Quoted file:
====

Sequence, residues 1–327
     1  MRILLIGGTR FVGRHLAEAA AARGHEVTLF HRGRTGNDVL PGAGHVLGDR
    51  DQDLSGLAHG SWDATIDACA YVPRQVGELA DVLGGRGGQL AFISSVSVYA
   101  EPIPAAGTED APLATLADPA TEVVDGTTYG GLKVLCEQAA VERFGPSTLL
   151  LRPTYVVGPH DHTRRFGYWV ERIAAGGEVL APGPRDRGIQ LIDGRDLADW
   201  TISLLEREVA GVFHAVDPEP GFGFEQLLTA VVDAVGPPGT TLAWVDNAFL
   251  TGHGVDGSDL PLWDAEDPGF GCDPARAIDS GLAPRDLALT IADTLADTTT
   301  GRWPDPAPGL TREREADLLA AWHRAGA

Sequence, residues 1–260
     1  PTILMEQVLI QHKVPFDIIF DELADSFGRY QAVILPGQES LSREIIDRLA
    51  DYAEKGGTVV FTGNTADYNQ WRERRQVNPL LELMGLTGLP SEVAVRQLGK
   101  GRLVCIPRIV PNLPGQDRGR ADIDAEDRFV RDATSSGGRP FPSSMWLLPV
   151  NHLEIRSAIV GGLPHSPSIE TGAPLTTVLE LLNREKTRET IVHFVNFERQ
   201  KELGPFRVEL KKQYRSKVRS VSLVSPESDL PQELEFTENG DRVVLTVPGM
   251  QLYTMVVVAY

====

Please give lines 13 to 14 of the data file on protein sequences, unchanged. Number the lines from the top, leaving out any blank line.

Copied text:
   151  NHLEIRSAIV GGLPHSPSIE TGAPLTTVLE LLNREKTRET IVHFVNFERQ
   201  KELGPFRVEL KKQYRSKVRS VSLVSPESDL PQELEFTENG DRVVLTVPGM